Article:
Social Model of Disability

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The Social Model and Medical Model are frameworks for looking at disability

The Medical Model of Disability views disability as a ‘problem’ that belongs to the disabled individual. For example, if a wheelchair user is unable to get into a building because of some steps, the Medical Model would suggest that this is because of the wheelchair, rather than the steps.This traditional view of disability is known as the “Medical Model of Disability” or “Individual Model of Disability”, because society views disabled people by their medical problems.  It is critical to note this is not just a reflection of the medical world, but of how decisions are made within Social Care, Education, Employment and many other areas of our lives. Until recently, the only way to view disabled people was to see their medical condition as their problem, something they will have to make the best of and accept that there are many things they cannot do.

In contrast, the Social Model of Disability, in the above example would see the steps as the barrier and would say that the individual is not disabled if a lift or ramp were installed. This model draws on the idea that it is society that disables people through designing everything to meet the needs of the majority of people who are not disabled. There is a recognition within the Social Model that there is a great deal that society can do to reduce, and ultimately remove, some of these disabling barriers, and that this task is the responsibility of society, rather than the disabled person.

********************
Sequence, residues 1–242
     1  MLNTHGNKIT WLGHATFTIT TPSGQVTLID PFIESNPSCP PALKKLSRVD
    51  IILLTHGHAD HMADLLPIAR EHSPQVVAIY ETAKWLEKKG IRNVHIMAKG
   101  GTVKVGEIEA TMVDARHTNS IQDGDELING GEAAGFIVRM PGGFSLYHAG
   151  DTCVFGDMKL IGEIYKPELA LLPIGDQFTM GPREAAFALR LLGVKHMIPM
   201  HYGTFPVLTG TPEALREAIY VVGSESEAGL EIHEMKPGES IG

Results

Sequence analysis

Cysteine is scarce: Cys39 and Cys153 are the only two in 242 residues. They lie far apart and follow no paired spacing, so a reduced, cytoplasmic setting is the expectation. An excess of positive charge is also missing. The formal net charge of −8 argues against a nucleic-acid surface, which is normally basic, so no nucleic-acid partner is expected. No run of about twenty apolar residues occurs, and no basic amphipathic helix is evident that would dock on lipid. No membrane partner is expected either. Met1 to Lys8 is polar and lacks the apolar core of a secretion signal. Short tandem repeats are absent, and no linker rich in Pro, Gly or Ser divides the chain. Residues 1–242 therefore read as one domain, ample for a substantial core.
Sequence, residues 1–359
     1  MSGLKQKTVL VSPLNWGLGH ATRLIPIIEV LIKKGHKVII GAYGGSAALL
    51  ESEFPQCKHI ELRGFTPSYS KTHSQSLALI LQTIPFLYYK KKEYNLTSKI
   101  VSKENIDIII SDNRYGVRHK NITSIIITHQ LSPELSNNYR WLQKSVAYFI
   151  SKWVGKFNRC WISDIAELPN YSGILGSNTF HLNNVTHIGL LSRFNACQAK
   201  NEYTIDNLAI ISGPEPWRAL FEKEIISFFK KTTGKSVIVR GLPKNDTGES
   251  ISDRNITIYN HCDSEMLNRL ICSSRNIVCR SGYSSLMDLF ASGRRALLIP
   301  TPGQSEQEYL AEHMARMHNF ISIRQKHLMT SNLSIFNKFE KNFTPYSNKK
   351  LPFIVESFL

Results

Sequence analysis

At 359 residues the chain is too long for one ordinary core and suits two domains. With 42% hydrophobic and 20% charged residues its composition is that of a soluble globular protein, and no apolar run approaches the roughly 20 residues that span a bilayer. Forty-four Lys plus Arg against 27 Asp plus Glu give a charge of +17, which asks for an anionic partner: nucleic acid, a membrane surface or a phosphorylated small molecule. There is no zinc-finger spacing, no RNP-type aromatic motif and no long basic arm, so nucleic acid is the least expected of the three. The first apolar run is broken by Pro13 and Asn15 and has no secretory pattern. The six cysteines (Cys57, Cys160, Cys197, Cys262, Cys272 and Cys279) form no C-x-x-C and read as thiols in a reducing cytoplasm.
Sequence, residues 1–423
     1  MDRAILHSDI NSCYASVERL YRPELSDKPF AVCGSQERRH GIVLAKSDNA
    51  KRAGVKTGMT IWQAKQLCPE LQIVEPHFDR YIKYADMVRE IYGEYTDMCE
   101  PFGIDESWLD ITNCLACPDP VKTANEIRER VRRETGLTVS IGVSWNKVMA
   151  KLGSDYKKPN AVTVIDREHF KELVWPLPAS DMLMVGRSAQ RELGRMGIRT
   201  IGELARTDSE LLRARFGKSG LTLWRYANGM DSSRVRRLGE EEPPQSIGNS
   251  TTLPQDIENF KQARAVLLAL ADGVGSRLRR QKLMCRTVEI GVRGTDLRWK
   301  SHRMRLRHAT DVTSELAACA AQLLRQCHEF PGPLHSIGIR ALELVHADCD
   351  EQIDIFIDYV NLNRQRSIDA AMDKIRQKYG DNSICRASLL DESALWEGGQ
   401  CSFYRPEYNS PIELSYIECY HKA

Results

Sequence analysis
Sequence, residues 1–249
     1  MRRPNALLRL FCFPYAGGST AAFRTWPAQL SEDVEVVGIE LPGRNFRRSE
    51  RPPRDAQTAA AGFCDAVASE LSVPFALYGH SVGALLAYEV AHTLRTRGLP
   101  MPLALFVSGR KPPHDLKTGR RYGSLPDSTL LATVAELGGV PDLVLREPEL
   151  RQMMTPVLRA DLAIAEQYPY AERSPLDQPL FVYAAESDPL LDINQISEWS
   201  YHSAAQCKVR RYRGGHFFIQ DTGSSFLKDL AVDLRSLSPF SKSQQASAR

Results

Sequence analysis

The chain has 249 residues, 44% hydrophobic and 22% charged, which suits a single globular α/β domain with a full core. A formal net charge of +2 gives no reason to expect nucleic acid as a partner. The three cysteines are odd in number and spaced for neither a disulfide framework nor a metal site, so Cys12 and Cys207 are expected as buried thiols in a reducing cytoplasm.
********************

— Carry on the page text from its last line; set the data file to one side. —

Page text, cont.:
The Social Model of Disability starts from a different perspective from the Medical Model. It acknowledges that an individual has a medical condition (referred to as an impairment) for which medical intervention may at times be needed. However, the perspective moves on to recognise that every disabled person is a human being and as such is entitled to be treated equally. In doing this, the approach is to identify and to challenge those aspects of society that erect barriers preventing disabled people from participating and restricts their opportunities.

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